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Now a National Historical Landmark, Little Rock Central High School was home to one of the pivotal episodes of American history and a turning point in the Civil Rights Movement. White school officials in Little Rock, with the support of Arkansas Governor Orval Faubus, refused to comply with the 1954 Supreme Court ruling in Brown v. Board by allowing black students to enter the school. Even after ordered to comply by a federal court and a reluctant President Eisenhower, school officials refused to allow black students to enter the school. Defenders of segregation were emboldened by the actions of Governor Faubus, who illegally ordered state troops to keep nine black children from attending their school. Eisenhower was not a strong defender of civil rights, but he recognized that the state of Arkansas was challenging the authority of the federal government by refusing to comply with the law. Faced with few alternatives after Faubus continued to use troops to violate the law, Eisenhower deployed the United States Army to occupy the school and enforce the law. For an entire school year, soldiers occupied the school to ensure the safety of the nine black children. After the soldiers left, however, public school officials in Little Rock and throughout Arkansas again tried to evade the law. In some cases, including Little Rock Central, white officials closed schools rather than comply with the integration law. Today, visitors can tour parts of the school and view interpretive exhibits offered by the National Park Service. The school itself is historically significant.When it was built in 1927, the American Institute of Architects declared the building to be the most beautiful high school ever constructed in the United States. The links below include a direct link to the visitor's center which is operated by the National Park Service.

  • Orval Faubus holds up a local newspaper that interpretted Eisenhower's actions to enforce the decision of the Supreme Court and uphold integration as tyranny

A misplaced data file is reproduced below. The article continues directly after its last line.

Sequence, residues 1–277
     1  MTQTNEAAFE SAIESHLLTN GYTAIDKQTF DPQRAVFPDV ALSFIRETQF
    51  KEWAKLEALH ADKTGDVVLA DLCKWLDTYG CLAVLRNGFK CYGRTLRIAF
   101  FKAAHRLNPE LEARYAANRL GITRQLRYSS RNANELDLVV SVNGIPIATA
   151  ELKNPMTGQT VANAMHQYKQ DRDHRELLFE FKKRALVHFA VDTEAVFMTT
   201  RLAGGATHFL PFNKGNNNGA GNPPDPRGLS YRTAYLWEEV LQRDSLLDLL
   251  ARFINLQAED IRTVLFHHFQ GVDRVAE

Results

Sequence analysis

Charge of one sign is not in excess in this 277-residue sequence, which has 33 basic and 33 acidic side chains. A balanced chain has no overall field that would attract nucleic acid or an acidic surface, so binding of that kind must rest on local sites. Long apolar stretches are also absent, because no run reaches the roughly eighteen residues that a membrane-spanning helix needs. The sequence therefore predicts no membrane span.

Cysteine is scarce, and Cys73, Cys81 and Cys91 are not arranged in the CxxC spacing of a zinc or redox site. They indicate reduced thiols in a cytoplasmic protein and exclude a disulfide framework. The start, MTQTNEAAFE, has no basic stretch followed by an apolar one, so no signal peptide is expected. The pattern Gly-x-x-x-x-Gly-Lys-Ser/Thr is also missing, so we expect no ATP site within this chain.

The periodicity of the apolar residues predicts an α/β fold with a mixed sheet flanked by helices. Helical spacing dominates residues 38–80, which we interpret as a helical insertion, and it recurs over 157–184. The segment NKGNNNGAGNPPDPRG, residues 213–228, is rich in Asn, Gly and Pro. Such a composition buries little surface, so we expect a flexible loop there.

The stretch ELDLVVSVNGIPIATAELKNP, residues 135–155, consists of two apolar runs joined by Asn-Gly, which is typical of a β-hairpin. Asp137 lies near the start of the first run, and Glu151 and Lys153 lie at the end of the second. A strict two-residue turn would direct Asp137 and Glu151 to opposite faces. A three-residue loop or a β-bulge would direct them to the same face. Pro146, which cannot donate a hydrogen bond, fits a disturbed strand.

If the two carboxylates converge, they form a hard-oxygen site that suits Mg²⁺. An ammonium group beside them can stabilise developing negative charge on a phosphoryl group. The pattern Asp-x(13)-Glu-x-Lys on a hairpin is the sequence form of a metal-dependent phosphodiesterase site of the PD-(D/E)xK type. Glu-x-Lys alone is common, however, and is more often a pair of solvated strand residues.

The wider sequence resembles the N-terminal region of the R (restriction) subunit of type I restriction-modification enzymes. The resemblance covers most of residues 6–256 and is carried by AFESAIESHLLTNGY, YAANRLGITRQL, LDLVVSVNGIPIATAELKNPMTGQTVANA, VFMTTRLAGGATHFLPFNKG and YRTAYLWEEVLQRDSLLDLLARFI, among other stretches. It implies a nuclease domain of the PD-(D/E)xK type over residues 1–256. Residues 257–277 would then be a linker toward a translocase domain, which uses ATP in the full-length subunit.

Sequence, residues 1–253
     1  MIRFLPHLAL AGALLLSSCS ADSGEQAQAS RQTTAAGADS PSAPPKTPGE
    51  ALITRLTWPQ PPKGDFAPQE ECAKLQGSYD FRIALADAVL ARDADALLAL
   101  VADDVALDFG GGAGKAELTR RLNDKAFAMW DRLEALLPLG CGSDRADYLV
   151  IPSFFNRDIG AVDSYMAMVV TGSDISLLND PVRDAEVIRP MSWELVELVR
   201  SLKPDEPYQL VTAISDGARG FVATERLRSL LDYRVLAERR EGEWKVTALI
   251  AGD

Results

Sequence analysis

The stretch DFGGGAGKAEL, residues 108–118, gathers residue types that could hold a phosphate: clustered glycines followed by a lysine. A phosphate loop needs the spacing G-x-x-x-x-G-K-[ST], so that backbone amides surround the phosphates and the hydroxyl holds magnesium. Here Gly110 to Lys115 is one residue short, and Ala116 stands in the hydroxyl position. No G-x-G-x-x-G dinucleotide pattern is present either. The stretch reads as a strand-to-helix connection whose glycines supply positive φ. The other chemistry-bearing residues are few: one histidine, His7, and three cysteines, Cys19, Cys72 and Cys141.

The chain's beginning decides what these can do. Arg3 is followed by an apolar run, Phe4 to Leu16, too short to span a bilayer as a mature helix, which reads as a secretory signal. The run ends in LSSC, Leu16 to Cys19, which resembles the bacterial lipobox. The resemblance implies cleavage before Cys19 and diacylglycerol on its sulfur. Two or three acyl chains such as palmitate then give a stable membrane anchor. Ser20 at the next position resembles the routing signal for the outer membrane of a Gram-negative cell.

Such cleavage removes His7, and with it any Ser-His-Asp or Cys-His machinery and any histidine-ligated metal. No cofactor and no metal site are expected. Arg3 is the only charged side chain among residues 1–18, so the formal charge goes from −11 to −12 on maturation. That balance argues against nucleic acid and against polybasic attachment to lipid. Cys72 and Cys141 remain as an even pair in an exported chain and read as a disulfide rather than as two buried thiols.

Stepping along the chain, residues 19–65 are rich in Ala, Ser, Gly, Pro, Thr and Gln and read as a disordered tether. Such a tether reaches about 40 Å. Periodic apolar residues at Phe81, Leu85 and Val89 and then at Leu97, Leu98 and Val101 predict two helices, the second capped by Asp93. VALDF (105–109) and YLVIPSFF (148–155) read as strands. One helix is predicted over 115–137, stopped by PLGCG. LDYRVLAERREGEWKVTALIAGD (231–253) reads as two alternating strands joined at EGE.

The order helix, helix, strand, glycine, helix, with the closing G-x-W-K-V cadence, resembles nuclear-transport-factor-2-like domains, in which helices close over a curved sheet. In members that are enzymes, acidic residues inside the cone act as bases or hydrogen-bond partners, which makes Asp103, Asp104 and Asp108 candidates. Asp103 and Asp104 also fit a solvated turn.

• Soldiers stand guard to enforce the law at Little Rock High School, September 26, 1957

In 1954, the United States Supreme Court declared public segregation unconstitutional in Brown v. Board of Education. This Supreme Court Ruling made it necessary for all public schools throughout the country to desegregate the school districts 'with all deliberate speed'. Some schools developed strategies to resists integration of the public school system, but school officials at Little Rock, Arkansas stated that they would comply with the Supreme Court's ruling against segregation. The Little Rock district implemented a system where black students who wanted to attend the white school were put through a series of tests to find out if they were suitable to attend the white school. Of the eighty children that were tested, only nine where given admittance. The student selected were Melba Patillo Beals, Elizabeth Eckford, Ernest Green, Gloria Ray Karlmark, Carlotta Walls Lanier, Terrance Roberts, Jefferson Thomas, Minnijean Brown Trickey, and Thelma Mothershed Wair. These individuals would later be known as the 'Little Rock Nine.'

On September 3, 1957 the nine children arrived at Central High School. Instead of being welcomed with open arms they were greeted by an angry mob of white students, parents, and citizens hell-bent on stopping integration. In addition to the threats, screams, and racial slurs from the crowd, Arkansas Governor Orval M. Faubus stepped in and ordered the Arkansas National Guard to keep the nine black students from entering the school. The nine students were forced to give up their attempt to attend Central High School. On September 20, 1957, Federal Judge Ronald Davies ordered Governor Faubus to remove the National Guard from Central High School, and to allow the nine black children admittance. Faubus ignored the order causing President Dwight Eisenhower to send 1,000 paratroopers to the school. On September 23, 1957, the nine black children returned to the school, and were protected by the United States Army for the entirety of the school year.